The Accounting Income Method (AIM) – is it really simpler?

The recently introduced way of paying tax is up and running; the Accounting Income Method (AIM). Its goal is to simplify provisional tax – but is it really? As it turns out, not every business can use AIM and then a whole lot of other business don’t want to. Why is this?

As TaxBuddy – whose sole purpose is to simplify tax (and we’re succeeding too!) we’re taking a closer look at AIM. Here an overview of ups and downs and alternatives – as remember, AIMs method is optional.

What is AIM

AIM is a way of paying provisional tax where the businesses with an annual turnover of less than $5 million use the information from their accounting software to calculate and pay their provisional tax, at the same time as they prepare their GST return.

Who can and can’t use AIM

  • The AIM method applies to companies and sole traders
  • AIM is not yet available for trusts or partnerships
  • Annual turnover of $5,000,000 or less
  • You need to be using “AIM capable software” for your book-keeping (such as Xero and MYOB)
  • As AIM automatically calculates tax on what is earned, it’s particularly suited to businesses that are new, growing, have fluctuating profits, have irregular or seasonal income or find it hard to accurately forecast their income.

Benefits of AIM

  • No surprises at end of the year – Pay tax as you go, the amount of tax paid will be in line with the amount earned, meaning businesses pay tax when they have the money. This makes AIM very flexible when it comes to economic shifts and a great option for start-ups and businesses with fluctuating income.
  • No IRD interest charged on underpayments or overpayments – changes to the Use of Money Interest (UOMI) rules mean that this is now considerably less harsh than it was, meaning the major benefit of adopting AIM (avoiding UOMI) are now substantially gone)
  • Greater accuracy – as the AIM calculations are so specific, it’s expected that businesses either won’t have income tax liability or if they do, they will be very small.
  • Avoid cash flow problems – if businesses pay tax in full and on time, they won’t be charged Use of Interest Money. Businesses that make a loss or overpay will be able to get a refund straight away.
  • AIM will be responsive to changing business conditions too. If economic conditions tighten and a business’ tax liability drops, Inland Revenue will refund overpayments, in much the same way that GST refunds are handled.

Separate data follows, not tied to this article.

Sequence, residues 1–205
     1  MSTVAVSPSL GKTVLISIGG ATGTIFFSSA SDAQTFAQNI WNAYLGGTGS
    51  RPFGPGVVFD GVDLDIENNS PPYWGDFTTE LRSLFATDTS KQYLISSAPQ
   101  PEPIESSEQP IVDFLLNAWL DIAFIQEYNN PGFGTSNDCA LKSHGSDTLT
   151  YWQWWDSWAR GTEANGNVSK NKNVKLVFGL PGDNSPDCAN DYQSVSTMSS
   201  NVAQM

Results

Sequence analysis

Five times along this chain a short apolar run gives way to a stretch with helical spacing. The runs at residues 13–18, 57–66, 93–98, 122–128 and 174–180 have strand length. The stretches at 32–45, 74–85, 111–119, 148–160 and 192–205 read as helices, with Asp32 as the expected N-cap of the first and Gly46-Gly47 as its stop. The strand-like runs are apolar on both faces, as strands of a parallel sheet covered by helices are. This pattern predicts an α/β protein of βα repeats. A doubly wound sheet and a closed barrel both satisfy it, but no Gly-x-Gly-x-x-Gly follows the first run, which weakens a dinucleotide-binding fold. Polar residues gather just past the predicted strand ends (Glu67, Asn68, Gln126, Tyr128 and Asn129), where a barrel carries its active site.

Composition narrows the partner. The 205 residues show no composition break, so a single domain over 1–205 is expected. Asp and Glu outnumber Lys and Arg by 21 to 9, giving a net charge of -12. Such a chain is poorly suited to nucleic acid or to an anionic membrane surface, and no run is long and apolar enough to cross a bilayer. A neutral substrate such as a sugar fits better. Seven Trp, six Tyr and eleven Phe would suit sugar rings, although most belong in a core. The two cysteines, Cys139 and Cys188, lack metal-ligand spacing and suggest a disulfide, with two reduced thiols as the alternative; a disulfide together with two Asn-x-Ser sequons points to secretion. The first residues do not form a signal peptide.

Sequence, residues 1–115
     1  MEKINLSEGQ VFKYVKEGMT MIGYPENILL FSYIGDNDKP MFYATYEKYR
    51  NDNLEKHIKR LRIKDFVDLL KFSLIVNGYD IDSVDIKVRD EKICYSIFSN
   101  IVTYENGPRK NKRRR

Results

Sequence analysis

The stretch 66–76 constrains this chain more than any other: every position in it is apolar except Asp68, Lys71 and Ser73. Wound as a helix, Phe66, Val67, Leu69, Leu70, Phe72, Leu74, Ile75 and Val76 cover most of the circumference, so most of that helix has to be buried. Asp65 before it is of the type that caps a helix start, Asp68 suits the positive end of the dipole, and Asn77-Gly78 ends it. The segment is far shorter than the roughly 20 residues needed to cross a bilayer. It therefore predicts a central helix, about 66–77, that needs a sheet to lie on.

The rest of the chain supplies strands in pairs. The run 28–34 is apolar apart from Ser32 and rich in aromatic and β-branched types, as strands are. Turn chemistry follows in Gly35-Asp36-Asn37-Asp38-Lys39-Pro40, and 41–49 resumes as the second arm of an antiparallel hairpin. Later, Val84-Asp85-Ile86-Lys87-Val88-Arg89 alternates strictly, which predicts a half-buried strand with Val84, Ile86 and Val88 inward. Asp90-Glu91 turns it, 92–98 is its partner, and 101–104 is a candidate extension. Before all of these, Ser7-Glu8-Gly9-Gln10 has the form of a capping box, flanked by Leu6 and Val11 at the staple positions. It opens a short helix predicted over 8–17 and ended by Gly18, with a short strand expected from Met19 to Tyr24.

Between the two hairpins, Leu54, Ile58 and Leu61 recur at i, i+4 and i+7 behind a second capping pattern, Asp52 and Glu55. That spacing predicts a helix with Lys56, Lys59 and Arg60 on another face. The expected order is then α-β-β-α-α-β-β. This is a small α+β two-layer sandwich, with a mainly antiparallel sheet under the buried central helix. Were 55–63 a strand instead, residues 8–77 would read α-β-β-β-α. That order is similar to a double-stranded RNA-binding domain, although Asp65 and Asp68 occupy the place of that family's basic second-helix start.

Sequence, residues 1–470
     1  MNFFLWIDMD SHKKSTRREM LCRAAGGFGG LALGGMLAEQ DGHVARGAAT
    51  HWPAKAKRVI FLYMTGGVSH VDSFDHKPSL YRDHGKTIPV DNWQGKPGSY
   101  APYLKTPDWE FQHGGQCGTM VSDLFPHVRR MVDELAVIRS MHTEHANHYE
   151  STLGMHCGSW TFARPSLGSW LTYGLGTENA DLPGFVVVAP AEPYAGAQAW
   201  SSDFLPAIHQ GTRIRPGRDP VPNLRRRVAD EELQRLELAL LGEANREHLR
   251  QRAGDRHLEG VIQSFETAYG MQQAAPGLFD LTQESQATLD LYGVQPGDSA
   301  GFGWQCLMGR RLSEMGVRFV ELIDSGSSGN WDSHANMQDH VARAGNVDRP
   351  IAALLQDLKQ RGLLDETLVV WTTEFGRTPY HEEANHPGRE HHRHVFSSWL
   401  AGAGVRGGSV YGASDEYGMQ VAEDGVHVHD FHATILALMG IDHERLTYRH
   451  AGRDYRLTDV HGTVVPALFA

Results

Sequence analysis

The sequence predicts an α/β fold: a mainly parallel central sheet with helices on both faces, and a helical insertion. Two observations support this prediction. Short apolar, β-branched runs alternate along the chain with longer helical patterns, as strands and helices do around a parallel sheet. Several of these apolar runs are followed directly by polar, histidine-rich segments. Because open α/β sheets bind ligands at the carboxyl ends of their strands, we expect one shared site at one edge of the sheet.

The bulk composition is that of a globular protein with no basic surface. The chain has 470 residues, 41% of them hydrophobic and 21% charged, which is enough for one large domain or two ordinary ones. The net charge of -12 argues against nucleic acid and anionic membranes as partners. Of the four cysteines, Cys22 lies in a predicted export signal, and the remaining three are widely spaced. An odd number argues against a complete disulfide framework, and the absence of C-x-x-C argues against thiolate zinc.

Downsides of AIM

AIM won’t suit everyone. Here are some downsides of AIM.

  • AIM does not the those:
    – with complex year-end tax adjustments.
    – whose accounting software isn’t 100 percent tidy.
    – with seasonal income concentrated at the beginning of the year.
    – earning large amounts of overseas income.
  • AIM users cannot use tax pooling if they are struggling to pay provisional tax
  • Those operating as a partnership or trust cannot use AIM. AIM requires quite a bit more work than initially envisaged, particularly from the taxpayer. The information that you currently prepare annually as part of your financial statements may be required every two months. That could impose new compliance costs on small businesses.
  • In order to use AIM, you have to be using an approved software package such as Xero or MYOB, so Excel and Banklink won’t work.
  • AIM reporting is only available through tax agents accounting systems which means you will be required to do all your GST reporting and filing through your accountant if you want to use AIM. That could increase your accounting fees.

What should you do?

If you choose to use AIM, you have to start from the beginning of the tax year. So if you haven’t started already, you have to wait until April 2019, If you have started using AIM, but struggle with it, you can stop filing AIM returns and IRD will start treating as you were using estimation method.

Have a good think for your key reason to go with AIM vs the Standard Method. Is it to make more accurate payments? Probably yes. But do you also have to make an actual payment, or is ‘putting the money aside’ enough? If so, can you do a better calculation yourself, or you could look into software like TaxBuddy.

2018-06-14T01:17:33+00:00 June 14th, 2018|0 Comments